"Find hungry samurai" -Gisaku

S.W.A.T.

I must say that this summer's movie experiences have turned out much better than I feared (HyperionX998). Of course, with financial constraints and general ennui, I have seen far fewer films this season, but those I have ventured to have mostly been a pleasant surprise.

Moreover, the previews for the upcoming fall and winter films are much better than earlier in the year. That doesn't guarantee a good movie, but at least I'm more looking forward to seeing them. Maybe one of my Readers sent my #127 (Movies III: Coming Soon to a Theatre Near You) to the studio executives, and they got the word.

Whatever the reasons, I've been in a much better mood lately when seeing movies. Which brings me to S.W.A.T., the new action picture inspired by the '70s cop drama. The film is not going to win any Academy Awards, and doesn't really break a whole lot of ground cinematically or stylistically, but in a way that was almost a relief.

S.W.A.T. is directed by Clark Johnson, in his feature debut. Normally I'd be leery of a director with no experience tackling something this big, but Johnson is a veteran of TV drama. If you're into cop shows, you may remember him as Meldrick on Homicide: Life on the Street, and more recently Johnson has directed such heavyweights as NYPD Blue, Law & Order, The West Wing, and especially The Shield, which I think is the best show on Television.

If nothing else, watching S.W.A.T. should make you want to check out The Shield. But on its own, it's still a lot of fun. Here's the set-up and players:

Colin Ferrell (Hollywood's "IT" boy of the moment) stars as Jim Street, a disgraced S.W.A.T. officer (explained in the opening scene), relegated to cleaning guns and shining boots until he gets out of his Captain's shithouse, which looks to be the First of Never.

Samuel L. Jackson is "Hondo," an old-school S.W.A.T. cop brought back to the force to clean up the image of the LAPD after the high profile mess of the opening scene. Of course, he has bad blood with the Captain, and picks Ferrell to be on his new elite S.W.A.T. team.

There are other members, but they are almost a paint-by-numbers sort of thing (the cocky black family man, the tough chick, the brother of Ferrell's XGF, etc.). You can even tell who the potential problems are (although just in case you're dense I won't reveal the obvious here), but it doesn't really matter. That's because Johnson isn't interested in giving us a "top-that-surprise" type of movie that has become so prevalent lately.

Nor does he try to give us over-the-top action. The pacing, stunts, and interaction from the characters seems almost probable, or at least plausible. I appreciate the restraint. Johnson gives us a feel for the gritty world of police action; the sweaty chases down alleys, the helicopter patrols, and occasional horrific gun battles with criminals that seem to be armed as well or better than their police counterparts.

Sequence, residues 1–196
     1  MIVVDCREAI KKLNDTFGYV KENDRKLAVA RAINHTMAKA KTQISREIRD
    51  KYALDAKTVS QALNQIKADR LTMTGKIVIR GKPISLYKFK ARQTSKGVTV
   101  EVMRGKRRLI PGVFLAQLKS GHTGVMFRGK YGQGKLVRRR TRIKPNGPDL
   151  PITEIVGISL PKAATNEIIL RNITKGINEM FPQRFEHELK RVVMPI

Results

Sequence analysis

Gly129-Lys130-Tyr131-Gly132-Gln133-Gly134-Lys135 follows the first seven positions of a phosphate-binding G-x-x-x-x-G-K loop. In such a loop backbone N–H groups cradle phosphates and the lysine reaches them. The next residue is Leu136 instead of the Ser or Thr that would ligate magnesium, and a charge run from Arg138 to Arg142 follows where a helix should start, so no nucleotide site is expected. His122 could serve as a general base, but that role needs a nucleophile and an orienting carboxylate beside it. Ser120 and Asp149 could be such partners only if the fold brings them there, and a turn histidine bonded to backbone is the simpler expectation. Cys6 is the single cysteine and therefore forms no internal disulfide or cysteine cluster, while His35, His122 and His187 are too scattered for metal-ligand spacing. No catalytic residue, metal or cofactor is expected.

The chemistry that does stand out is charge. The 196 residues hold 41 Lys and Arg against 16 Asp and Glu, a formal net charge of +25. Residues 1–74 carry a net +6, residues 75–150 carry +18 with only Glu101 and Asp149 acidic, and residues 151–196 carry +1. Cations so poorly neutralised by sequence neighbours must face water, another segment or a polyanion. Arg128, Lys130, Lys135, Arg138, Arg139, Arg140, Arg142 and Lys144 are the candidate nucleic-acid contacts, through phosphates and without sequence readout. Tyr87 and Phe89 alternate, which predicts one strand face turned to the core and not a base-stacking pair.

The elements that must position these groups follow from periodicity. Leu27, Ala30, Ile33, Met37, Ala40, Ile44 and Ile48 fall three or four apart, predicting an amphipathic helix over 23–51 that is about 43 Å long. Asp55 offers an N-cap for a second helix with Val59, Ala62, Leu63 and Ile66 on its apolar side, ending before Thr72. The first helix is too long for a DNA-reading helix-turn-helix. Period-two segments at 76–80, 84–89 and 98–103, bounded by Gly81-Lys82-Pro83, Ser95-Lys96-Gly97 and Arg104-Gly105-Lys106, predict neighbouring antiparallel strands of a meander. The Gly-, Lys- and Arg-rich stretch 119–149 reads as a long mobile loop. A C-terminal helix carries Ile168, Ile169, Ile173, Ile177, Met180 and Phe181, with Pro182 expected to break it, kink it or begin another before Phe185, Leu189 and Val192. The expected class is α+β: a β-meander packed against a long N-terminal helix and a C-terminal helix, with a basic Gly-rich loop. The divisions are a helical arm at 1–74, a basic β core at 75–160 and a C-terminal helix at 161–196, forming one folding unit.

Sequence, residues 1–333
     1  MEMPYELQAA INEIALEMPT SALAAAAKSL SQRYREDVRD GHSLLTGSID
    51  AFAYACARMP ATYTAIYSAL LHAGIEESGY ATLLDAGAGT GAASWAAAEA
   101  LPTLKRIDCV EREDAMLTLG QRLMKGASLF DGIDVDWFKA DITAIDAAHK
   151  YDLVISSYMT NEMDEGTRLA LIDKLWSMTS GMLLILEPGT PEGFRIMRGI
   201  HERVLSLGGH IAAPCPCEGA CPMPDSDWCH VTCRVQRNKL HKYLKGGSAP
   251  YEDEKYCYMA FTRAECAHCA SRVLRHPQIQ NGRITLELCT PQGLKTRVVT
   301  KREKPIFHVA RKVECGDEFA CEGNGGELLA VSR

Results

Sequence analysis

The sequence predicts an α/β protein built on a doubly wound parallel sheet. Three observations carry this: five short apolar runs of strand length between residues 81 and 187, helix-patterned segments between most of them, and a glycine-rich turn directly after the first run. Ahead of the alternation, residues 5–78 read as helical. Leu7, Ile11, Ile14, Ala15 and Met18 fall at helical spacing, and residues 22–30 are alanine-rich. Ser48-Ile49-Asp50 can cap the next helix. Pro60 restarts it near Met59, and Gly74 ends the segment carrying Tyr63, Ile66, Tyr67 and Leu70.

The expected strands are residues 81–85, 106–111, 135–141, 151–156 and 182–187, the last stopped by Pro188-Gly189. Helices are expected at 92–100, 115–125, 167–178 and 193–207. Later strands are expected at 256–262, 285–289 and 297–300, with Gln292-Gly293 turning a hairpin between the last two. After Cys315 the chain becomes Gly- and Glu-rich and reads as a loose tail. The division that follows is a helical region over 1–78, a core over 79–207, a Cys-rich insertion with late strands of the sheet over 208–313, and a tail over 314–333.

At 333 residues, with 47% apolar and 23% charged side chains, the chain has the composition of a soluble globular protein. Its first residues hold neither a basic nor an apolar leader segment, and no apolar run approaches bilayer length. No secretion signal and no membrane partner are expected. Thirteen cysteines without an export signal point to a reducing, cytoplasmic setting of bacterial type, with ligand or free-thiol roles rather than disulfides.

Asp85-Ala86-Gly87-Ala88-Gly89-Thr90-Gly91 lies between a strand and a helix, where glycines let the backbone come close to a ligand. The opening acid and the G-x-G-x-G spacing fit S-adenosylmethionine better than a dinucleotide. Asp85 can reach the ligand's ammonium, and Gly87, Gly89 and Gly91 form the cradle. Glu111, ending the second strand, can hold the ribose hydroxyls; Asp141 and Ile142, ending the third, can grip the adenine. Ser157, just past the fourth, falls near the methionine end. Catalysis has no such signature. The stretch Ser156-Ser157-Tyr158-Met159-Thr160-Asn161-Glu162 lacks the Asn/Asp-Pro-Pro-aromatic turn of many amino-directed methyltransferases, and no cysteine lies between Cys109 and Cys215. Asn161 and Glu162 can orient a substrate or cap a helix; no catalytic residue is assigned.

The actual plot doesn't get going until well over half way through the movie, after we've seen the training montages, the teamwork, and the team pulled into action. The actual big story is a-wait for it-French terrorist (played quite nicely by Oliver Martinez, who some of you may recognize from Unfaithful), who's pulled over because of a busted taillight.

After an attempted rescue attempt leaves several cops dead, the media picks up the story, and Martinez offers on camera 100 million dollars to anyone who can break him free. This gets every criminal organization in L. A. coming out of the woodwork, and sets up the final act.

If you've seen movies at all you won't really be all that surprised, but like I wrote, there is no real attempt to hide this, and for all I know, it may even be an homage to the '70s show, when plot devices were simpler. The joy here is watching a well-made piece of action, and the character interaction; what there is of it.

The stunts are well done, the action is choreographed well, and the big moments are exciting without being too unbelievable. Ferrell is great, Jackson can play the role in his sleep (and I mean that in a good way), and the rest of the cast does their job well. Johnson even throws in a camera trick that I can best describe as a strobe effect: he doesn't do it too often, but it' pretty cool in limited use.

So, will you like this movie? I went with some friends of mine, a couple in their 40s. The husband enjoyed it, and the wife tolerated it. That may be the way you feel too. If you're into this type of action, this is a fun movie, if nothing all that special. If you don't care for it that much, you won't be in total agony. The editing is swift, it's not too long, and there is some melodrama. But not all that much character drama, so don't be looking for The Negotiator or something like that.

Hopefully by now you all know my three-pronged rating system. My Skepticism Scale (0-10) would be a 5. They try pretty hard to get things at least quasi-realistic, but a couple of stunts go overboard. The genre of the movie is pure action, and I'd give S.W.A.T. a solid B in my Genre Grade. Finally, in my Pantheon Percentile I'd give S.W.A.T. a 60, meaning it's better than 3 out of ever 5 films out there. That's not that bad.

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